Among the many controversial interactions the US has had with Latin American countries, perhaps one of the most dangerous is the US relationship with meat producers in South America. The US is the highest consumer of meat in the world, with the average American consuming 101 pounds of meat each year, a number which has quadrupled since the 1960s. While the US is still the largest producer of meat in the world, countries such as Argentina and Brazil are closing the gap.
The Rupununi is a vast savannah lowland region of Guyana, one which forms the Northern fringe of the Amazon basin. Its geography is distinct from the rest of the country, with the tropical forests that cover much of Guyana giving way to the seasonally flooded grasslands, crossed with small meandering creeks. The Rupununi was originally part of the Gran Sabana (Venezuela) and the Rio Branco savannah (Brazil), a geography artificially divided along political line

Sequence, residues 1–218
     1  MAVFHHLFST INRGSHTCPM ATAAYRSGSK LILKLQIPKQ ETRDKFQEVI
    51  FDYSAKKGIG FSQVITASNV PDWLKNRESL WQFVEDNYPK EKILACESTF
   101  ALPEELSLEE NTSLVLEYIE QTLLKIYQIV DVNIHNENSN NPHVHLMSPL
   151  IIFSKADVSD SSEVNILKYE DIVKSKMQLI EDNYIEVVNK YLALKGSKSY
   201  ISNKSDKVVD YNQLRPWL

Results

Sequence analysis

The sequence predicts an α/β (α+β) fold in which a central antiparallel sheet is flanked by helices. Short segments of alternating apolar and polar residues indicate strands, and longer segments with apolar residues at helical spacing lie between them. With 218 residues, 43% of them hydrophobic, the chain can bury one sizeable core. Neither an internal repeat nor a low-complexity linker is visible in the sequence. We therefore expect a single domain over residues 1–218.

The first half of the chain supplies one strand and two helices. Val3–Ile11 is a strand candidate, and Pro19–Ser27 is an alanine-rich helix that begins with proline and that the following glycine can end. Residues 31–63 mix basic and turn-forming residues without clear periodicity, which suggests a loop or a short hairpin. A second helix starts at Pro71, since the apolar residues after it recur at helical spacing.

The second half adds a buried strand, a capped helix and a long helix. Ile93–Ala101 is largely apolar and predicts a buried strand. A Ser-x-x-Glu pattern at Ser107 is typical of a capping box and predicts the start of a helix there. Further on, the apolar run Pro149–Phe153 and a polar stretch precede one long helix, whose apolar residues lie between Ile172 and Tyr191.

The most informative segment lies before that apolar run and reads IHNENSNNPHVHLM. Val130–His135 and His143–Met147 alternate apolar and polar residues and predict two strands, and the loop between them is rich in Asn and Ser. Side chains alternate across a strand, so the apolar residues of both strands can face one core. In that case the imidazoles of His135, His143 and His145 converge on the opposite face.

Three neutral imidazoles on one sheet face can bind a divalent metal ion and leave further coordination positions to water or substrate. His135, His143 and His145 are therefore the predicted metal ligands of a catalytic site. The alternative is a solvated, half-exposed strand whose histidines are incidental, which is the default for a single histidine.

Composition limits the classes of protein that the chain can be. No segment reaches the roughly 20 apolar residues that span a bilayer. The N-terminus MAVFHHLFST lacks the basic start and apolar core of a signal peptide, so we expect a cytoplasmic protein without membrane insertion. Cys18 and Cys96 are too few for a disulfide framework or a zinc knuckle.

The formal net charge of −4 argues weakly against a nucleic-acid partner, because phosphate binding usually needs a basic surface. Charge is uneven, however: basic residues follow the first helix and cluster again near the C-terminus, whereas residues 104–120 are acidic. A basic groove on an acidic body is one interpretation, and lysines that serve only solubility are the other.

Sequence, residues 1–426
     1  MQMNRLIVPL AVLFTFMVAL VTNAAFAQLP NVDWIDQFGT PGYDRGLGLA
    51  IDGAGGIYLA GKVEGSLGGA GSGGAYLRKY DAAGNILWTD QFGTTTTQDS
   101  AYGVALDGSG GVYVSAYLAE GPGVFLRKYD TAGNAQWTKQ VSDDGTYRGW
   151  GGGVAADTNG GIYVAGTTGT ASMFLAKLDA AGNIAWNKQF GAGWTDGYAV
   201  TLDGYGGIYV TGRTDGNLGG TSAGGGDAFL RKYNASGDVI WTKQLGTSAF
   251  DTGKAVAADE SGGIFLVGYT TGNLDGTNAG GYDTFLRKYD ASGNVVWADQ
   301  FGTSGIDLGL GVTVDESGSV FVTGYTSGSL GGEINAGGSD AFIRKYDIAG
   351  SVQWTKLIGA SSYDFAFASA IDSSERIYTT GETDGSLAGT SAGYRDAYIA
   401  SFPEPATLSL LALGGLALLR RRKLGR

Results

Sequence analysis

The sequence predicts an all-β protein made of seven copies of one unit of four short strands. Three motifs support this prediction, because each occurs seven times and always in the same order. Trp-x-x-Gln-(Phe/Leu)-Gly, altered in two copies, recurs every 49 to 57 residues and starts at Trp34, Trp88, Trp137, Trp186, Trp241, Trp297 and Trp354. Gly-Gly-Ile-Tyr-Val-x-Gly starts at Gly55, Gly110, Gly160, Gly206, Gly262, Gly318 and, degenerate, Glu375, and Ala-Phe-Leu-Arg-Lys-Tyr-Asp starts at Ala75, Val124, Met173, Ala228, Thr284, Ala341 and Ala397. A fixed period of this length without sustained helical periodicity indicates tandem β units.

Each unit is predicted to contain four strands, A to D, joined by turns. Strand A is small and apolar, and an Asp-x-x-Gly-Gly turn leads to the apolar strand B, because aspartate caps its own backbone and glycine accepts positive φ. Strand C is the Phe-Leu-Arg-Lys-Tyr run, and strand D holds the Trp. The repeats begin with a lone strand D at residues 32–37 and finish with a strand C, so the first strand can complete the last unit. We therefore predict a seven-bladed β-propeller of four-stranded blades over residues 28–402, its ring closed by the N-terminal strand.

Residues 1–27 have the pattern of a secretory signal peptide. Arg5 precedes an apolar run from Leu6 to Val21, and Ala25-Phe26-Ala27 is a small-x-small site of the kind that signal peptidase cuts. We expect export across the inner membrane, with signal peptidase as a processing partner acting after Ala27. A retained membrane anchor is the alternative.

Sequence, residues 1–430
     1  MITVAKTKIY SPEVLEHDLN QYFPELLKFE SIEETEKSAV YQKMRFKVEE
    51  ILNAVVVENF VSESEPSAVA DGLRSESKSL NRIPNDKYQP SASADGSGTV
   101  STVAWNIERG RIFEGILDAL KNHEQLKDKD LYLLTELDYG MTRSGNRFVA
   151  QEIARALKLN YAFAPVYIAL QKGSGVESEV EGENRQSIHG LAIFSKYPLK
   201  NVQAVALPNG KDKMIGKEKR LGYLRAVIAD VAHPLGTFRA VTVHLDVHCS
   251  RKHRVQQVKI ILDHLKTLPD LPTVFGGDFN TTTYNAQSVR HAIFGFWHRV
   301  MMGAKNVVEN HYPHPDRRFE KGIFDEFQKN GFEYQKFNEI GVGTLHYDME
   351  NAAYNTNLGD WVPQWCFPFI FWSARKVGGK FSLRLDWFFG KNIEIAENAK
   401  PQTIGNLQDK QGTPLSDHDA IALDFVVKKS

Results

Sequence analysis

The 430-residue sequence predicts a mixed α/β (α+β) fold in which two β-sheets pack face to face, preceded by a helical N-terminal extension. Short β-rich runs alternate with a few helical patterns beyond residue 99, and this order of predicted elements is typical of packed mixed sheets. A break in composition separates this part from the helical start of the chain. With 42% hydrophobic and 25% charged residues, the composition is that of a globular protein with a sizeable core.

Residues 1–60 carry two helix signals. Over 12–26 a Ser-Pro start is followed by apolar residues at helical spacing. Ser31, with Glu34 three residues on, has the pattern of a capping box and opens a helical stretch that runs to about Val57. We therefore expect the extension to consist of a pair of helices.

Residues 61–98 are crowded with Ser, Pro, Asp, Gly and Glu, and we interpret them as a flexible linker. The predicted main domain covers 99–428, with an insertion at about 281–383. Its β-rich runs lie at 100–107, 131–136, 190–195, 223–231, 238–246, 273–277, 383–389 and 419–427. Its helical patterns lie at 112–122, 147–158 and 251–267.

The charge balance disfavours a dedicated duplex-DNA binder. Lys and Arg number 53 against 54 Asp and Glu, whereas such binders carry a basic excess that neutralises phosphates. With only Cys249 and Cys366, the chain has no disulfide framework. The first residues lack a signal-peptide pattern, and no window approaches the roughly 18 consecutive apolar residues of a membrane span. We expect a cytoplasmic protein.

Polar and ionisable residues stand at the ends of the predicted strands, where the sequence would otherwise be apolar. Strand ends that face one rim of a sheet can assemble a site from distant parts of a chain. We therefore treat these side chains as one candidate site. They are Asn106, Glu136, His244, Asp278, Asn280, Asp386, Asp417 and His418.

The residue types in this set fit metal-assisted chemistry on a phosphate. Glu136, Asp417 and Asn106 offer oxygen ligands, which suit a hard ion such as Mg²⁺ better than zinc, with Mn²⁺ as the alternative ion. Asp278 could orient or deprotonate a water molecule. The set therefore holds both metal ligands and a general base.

This research represents and reflects upon the current concerns of the Makushi and Wapishana peoples of the Rupununi savannahs, who identified both past and future development of the road cutting through their traditional lands as the most important change happening in the Rupununi. Indeed, the increasing impacts of the road on both the peoples and the places of the Rupununi help demonstrate the ongoing injustice of colonialism within the region.